SPEARFISH — There’s 100 new books circulating in the Little Free Libraries around Spearfish, thanks to a recent donation from the Kenadi Jean Weis Foundation.
“Kenadi loved reading books, especially turning the pages all by herself, and we never missed an opportunity to pick up a book and read to her,” said Lori Deibert, a board member of the Kenadi Jean Weis Foundation (KJWF), named in honor of her 5-year-old granddaughter who passed away in 2014 from infantile spasms, an age-dependent form of epilepsy often associated with an anoxic brain injury at birth. Nonverbal and requiring the use of a wheelchair, Kenadi inspired her family to create the foundation, which has the mission “To assist all special needs children and their families achieve fulfilled lives through support, resources, respite care, volunteerism, and advocacy.”
“Over time, our family not only purchased several new children's books but were bequeathed many also,” Deibert said. “In her memory, we established Kenadi's Library with our volumes and began donating new books to the elementary schools, Grace Balloch Memorial Library, and offering them to children in our own community.”
Betty Lenners, Kenadi’s teacher at Mountain View Elementary School, loved reading to Kenadi and made a contribution of new children’s books to Kenadi’s Library.
“Books are very important, that’s all there is to it,” she said.
The KJWF donated 100 new hardcover and paperback books representing a range of genres and presented them Thursday at Salem Park, one of the locations of 10 recently-installed Little Free Libraries “to help enhance and sustain the … project and to promote the love of reading for the children of Spearfish,” Deibert said.
The idea of placing the 10 newest Little Free Libraries around town came from Black Hills State University student Shenae LaCroix, who for two years in a row has received a Make a Difference Initiative scholarship to implement a community project. In 2015, LaCroix used the funds to create YJ (Yellow Jacket) Friends, a BHSU student organization that pairs college mentors with adults with disabilities, and in 2016, the group partnered with their mentees at Northern Hills Training Center to create 10 wooden bookhouses to put in public places around Spearfish.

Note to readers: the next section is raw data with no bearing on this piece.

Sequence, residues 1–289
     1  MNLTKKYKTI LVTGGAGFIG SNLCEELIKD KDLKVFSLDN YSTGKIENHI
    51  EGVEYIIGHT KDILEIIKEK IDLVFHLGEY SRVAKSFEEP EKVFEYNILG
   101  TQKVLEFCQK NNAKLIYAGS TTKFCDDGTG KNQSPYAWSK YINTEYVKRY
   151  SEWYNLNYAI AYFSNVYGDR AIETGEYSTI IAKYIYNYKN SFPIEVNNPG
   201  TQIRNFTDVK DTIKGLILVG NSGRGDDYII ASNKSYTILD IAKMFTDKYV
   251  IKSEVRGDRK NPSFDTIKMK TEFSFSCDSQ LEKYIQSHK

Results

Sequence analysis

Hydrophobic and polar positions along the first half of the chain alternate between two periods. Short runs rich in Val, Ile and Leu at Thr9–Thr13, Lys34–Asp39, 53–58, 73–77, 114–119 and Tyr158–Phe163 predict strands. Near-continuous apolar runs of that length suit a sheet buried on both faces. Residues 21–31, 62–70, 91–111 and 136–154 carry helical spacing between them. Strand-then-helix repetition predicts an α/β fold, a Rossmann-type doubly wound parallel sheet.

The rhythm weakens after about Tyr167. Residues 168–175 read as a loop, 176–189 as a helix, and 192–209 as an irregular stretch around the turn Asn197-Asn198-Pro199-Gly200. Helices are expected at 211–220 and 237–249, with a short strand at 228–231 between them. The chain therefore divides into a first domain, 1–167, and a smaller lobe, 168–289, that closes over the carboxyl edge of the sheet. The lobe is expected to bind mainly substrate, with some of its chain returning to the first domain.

“Dolly Parton said that ‘the seeds of dreams are oftentimes found in books,’ and what better way to get them out then by making them available at the Little Free Library bookhouses around town,” Deibert said of the foundation’s desire to donate the books. “Reading gives us someplace to go when we have to stay where we are, so pick up a book and take a journey,” she added.
“This is amazing,” LaCroix said of the donation. She has followed the KJWF and has been inspired by its work.
“Now we get to have a little bit of Kenadi with us,” LaCroix said as some of the new books were placed in the library at Salem Park.
Little Free Libraries, a nonprofit cofounded in 2012 to “promote literacy and the love of reading by building free book exchanges worldwide and to build a sense of community as we share skills, creativity and wisdom across generations,” has the motto of “Take a Book, Return a Book.” There are more than 40,000 registered around the world, and those created by YJ Friends are located in Spearfish City Park, Lions Park, Salem Park, Heritage Park, Sandstone Park, Spearfish Rec and Aquatics Center, on the corner of Grant and Main streets near Blackbird Espresso, and at the old city hall on Main Street at Leones’ Creamery. The libraries have a plaque on each that states, “Making a Difference One Book at a Time! Made with love by: Northern Hills Training Center & YJ Friends. To Donate to the Make a Difference Scholarship: http://bhsu.edu/Alumni/GetInvolved/Donate.”
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